“Wait here, chile.”

When she returned she carried a small sewn doll with an over-sized head of a cat. She placed it on the table between them.

“It is said dat cats see what people do not, but if look ‘tween the ears of da cat you see what dey see. When you confuse on what to do, you look ‘tween ears of dis cat and you know…inside.”

He looked at her in confusion, but her warm look back at him made him feel embarrassed for his doubts. He picked up the doll and looked it over.

“You give my boy at dee bar 50 ‘merican dolla for ‘nother drink, den you go,” she said in matter-of-fact fashion, but the same sweet smile was there.

He stood up when she did to head back towards the room behind the hanging beads from which she had come.

“Um. Does this really work?” Jack asked almost apologetically.

“It works when you believe it works.”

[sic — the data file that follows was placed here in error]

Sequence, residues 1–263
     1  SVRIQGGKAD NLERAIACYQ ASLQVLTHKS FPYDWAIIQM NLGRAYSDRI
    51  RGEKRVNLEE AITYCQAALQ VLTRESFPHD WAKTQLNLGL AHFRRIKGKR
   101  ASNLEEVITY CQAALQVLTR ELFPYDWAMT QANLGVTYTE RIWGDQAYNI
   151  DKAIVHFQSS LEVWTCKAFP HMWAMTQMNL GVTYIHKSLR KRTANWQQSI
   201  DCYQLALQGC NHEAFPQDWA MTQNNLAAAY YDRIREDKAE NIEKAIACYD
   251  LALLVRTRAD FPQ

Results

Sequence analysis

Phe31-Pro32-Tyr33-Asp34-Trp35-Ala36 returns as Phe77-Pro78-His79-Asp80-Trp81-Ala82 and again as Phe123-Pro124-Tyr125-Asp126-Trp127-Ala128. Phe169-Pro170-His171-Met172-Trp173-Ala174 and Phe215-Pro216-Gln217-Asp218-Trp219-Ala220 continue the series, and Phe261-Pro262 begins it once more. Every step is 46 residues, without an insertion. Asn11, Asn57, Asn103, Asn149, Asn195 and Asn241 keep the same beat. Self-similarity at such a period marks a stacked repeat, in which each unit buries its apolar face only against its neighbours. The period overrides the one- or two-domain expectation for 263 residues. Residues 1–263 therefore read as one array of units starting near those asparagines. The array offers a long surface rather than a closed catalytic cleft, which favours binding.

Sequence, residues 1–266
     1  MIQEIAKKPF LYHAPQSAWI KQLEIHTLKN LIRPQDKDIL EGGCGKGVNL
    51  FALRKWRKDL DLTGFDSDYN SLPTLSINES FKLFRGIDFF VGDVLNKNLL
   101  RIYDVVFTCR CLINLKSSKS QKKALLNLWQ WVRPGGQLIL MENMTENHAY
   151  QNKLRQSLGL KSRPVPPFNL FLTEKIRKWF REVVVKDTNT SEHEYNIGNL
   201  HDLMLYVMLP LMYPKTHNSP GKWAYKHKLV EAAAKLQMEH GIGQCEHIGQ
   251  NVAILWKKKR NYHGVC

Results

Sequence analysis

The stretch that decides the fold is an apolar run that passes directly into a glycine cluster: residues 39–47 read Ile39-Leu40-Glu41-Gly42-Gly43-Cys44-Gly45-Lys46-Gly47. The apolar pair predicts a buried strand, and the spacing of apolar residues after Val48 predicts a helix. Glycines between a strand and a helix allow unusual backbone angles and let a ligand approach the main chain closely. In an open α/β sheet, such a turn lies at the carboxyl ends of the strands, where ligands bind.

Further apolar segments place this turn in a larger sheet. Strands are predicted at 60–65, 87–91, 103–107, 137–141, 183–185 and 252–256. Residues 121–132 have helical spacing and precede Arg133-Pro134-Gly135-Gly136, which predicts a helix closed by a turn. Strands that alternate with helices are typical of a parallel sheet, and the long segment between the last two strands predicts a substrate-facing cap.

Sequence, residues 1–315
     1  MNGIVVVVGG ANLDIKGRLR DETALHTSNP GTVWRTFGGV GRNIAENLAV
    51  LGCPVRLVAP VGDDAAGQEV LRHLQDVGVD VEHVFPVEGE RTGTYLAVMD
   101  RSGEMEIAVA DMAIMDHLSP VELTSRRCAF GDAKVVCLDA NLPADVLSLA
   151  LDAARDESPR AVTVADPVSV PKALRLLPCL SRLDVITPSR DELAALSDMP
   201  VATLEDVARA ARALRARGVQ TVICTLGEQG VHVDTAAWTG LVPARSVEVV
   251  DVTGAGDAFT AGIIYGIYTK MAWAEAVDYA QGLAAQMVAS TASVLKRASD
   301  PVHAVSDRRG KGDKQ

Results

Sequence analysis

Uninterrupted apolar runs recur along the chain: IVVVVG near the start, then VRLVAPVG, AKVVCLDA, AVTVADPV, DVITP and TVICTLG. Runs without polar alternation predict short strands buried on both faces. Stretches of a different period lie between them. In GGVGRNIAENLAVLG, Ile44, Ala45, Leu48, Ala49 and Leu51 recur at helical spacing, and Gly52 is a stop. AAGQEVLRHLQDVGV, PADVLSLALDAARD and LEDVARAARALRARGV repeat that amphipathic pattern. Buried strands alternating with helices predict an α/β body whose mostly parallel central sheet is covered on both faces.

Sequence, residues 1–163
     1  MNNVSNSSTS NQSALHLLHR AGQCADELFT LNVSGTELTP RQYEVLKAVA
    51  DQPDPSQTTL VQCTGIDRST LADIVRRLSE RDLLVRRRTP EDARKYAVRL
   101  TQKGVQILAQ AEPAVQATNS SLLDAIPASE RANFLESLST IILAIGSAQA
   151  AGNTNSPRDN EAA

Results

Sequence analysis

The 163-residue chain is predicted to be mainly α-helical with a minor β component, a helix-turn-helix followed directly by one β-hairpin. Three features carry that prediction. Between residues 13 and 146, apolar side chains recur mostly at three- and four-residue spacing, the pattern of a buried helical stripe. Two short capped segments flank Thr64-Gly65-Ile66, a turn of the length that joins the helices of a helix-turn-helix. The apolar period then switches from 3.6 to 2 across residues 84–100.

He wondered if that wasn’t true of most things. “Is anyone ever really in control, though?”

She stopped and smiled at him. “Hmmm, yes. There be hope for you yet, chile,” she offered as she disappeared behind the beads.


Written in participation with Viewfromtheside’s Blog WeekendTheme: http://viewfromtheside.wordpress.com/2013/05/24/weekend-theme-107/

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12 Comments on “Handle”

  1. 68ghia Says:

    Could use that cat right about now…
    Good story Brett


  2. kateshrewsday Says:

    Great pace, great style, Brett. I’d like to know the rest.


  3. SidevieW Says:

    Great one, drew me on. But I did let out a wail at the end. NOW WHAT?


  4. Cameron Says:

    I think I need a voodoo cat. Wonderfully atmospheric tale, Brett.


  5. Eden Says:

    Just ♥